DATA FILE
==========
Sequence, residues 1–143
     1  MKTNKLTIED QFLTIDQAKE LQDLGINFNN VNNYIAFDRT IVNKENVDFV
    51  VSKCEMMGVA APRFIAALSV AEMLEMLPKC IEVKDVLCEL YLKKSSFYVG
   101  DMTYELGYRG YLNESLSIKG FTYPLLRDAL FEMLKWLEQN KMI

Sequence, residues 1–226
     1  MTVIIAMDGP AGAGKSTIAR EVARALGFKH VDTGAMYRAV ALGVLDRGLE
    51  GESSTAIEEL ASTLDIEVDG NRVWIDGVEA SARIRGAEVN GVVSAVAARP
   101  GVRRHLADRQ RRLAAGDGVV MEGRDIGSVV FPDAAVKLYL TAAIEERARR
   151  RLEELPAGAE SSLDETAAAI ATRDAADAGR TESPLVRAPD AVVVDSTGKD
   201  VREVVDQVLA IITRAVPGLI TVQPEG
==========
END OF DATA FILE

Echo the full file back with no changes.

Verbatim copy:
Sequence, residues 1–143
     1  MKTNKLTIED QFLTIDQAKE LQDLGINFNN VNNYIAFDRT IVNKENVDFV
    51  VSKCEMMGVA APRFIAALSV AEMLEMLPKC IEVKDVLCEL YLKKSSFYVG
   101  DMTYELGYRG YLNESLSIKG FTYPLLRDAL FEMLKWLEQN KMI

Sequence, residues 1–226
     1  MTVIIAMDGP AGAGKSTIAR EVARALGFKH VDTGAMYRAV ALGVLDRGLE
    51  GESSTAIEEL ASTLDIEVDG NRVWIDGVEA SARIRGAEVN GVVSAVAARP
   101  GVRRHLADRQ RRLAAGDGVV MEGRDIGSVV FPDAAVKLYL TAAIEERARR
   151  RLEELPAGAE SSLDETAAAI ATRDAADAGR TESPLVRAPD AVVVDSTGKD
   201  VREVVDQVLA IITRAVPGLI TVQPEG